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Federal agency that investigated Wells Fargo scandal dealt blow by court

Federal agency that investigated Wells Fargo scandal dealt blow by court
The law creating the Consumer Financial Protection Bureau says the agency's director can't be removed over political differences. Above, Director Richard Cordray testifies before a Senate panel in September. (Michael Reynolds / European Pressphoto Agency)

A U.S. consumer watchdog agency that helped unravel the Wells Fargo & Co. scandal has an unconstitutional structure because it gives too much power to its director, a federal appeals court ruled Tuesday.

The court said the way that the Consumer Financial Protection Bureau is organized violates the Constitution's separation of powers because it limits the president's ability to remove the agency's director, currently Richard Cordray, a Democrat and former Ohio attorney general.

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The ruling, if upheld, would curtail the authority of an agency that has been opposed by the banking industry and some Republican critics.

They view the CFPB – established as part of the Dodd-Frank reforms after the financial crisis of 2008 and 2009 – as a thorn in the side of the industry and one that has overreached in its regulation of consumer financial matters.

"This is a good day for democracy, economic freedom, due process and the Constitution," Rep. Jeb Hensarling (R-Texas), chairman of the House Financial Services Committee, said in a statement.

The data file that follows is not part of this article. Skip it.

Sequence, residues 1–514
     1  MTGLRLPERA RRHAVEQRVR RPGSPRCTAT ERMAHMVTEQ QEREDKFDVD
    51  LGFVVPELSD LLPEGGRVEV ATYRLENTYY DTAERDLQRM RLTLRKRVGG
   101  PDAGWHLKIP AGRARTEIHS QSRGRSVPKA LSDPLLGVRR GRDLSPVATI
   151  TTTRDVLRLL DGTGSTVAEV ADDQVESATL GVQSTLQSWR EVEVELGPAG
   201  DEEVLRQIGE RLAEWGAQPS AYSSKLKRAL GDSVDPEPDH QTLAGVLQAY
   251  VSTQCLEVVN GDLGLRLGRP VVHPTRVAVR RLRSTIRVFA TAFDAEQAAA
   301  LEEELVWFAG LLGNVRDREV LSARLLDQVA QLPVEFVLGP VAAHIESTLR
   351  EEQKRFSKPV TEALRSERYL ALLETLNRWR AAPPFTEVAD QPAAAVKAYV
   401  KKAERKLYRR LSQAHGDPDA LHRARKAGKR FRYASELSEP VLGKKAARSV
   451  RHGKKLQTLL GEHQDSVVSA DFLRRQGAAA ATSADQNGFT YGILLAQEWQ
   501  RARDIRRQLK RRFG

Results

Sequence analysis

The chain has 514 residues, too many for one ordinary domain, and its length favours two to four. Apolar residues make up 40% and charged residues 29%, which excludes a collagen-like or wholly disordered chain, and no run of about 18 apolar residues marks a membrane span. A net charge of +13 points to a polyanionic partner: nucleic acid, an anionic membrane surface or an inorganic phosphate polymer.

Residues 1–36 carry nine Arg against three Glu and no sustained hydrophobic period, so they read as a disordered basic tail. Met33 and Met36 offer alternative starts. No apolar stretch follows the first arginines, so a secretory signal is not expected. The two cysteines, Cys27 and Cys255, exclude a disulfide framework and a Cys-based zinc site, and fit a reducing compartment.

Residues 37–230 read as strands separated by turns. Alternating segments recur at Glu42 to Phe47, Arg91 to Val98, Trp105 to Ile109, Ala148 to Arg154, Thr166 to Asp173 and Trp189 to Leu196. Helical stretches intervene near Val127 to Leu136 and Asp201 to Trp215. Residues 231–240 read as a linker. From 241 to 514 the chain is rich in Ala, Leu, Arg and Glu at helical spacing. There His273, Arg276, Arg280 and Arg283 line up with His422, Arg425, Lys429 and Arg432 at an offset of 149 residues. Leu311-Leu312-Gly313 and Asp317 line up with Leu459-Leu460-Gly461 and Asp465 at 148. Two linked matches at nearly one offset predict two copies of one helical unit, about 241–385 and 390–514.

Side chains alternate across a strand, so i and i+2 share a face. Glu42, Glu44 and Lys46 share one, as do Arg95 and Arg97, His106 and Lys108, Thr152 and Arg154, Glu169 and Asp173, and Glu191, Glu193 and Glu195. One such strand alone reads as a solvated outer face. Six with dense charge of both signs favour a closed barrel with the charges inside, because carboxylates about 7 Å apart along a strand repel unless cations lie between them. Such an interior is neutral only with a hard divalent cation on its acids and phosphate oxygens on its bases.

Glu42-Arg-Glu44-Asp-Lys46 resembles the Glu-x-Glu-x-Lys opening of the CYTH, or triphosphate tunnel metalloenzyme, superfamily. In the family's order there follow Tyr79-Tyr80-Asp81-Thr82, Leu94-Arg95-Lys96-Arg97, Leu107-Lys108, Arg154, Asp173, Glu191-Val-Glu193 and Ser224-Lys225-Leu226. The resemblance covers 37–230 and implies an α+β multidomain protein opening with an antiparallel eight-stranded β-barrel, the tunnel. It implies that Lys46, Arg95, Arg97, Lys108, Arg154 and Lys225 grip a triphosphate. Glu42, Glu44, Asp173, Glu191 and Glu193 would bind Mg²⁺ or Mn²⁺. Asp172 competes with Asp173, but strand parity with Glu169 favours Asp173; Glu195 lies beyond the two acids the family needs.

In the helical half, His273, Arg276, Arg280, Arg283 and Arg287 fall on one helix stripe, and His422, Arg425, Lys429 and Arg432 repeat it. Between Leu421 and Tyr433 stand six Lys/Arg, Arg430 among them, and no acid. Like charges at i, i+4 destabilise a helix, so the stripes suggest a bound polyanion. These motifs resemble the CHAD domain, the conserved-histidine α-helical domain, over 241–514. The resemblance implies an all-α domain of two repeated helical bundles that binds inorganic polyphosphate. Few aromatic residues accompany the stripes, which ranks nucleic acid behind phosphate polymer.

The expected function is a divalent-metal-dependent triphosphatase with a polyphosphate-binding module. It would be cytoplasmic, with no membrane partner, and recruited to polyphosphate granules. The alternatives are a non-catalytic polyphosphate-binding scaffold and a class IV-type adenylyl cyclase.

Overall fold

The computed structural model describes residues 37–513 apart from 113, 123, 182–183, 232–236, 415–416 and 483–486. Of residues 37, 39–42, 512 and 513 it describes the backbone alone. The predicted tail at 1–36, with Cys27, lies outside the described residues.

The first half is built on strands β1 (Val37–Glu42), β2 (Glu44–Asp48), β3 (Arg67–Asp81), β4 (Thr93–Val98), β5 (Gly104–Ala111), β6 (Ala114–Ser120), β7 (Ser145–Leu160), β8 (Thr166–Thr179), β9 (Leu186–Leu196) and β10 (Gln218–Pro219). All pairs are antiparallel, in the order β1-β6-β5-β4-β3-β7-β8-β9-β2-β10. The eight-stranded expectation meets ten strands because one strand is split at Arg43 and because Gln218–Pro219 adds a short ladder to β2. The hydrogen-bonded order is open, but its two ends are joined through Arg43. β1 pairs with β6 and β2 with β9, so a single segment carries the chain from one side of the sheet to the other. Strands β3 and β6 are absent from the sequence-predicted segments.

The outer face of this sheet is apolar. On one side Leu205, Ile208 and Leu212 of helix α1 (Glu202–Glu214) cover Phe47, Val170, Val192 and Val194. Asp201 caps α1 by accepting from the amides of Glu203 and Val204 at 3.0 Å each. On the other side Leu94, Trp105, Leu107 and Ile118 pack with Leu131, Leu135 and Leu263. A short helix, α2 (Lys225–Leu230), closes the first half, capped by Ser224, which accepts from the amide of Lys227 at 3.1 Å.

The law now states that the bureau's director can only be removed "for cause," such as neglect of duty. The court said that conflicted with the Constitution, which allows the president to remove executives for any reason.

Hensarling has proposed overhauling Dodd-Frank, including replacing the CFPB's single director with a bipartisan, five-member commission. On Tuesday he called the CFPB "arguably the most powerful and least accountable Washington bureaucracy in American history."

But consumer advocates and some top Democrats decried the court's ruling, saying it opened the door to the prospect that the CFPB's efforts could be weakened under increased political pressure from the White House and Congress.

The law creating the CFPB "carefully struck a balance between protecting the consumer bureau from politics and the [financial] industry's political allies while insuring it was accountable and had effective oversight," said Dennis Kelleher, president of the consumer advocacy group Better Markets.

The court's ruling is "damaging to American consumers" and "it's going to embolden the industry that's been trying to kill" the agency, Kelleher said.

The CFPB said it disagreed with the ruling by the three-judge panel of the U.S. Court of Appeals for the District of Columbia, and asserted that the ruling would not slow its efforts to investigate wrongdoing and seek enforcement actions.

"The bureau will continue its important work" while "considering options for seeking further review" of the court's ruling, CFPB spokeswoman Moira Vahey said in a statement. "Today's decision will not dampen our efforts or affect our focus on the mission of the agency."

Even the court, in a ruling written by Judge Brett Kavanaugh, said it rejected the notion of shutting down the CFPB and that the bureau instead "will continue to operate and perform its many duties."

But the court ruled that the CFPB should do so "as an executive agency akin to other executive agencies headed by a single person, such as the Department of Justice and the Department of the Treasury."

That means the president "now will have the power to remove the director at will, and to supervise and direct" the CFPB's chief, the court said.

For now, the court's ruling is unlikely to be noticed by consumers because "it's virtually without significance" in terms of affecting the CFPB's current work to protect consumers, said Robert Hockett, a law professor at Cornell Law School who tracks the financial industry.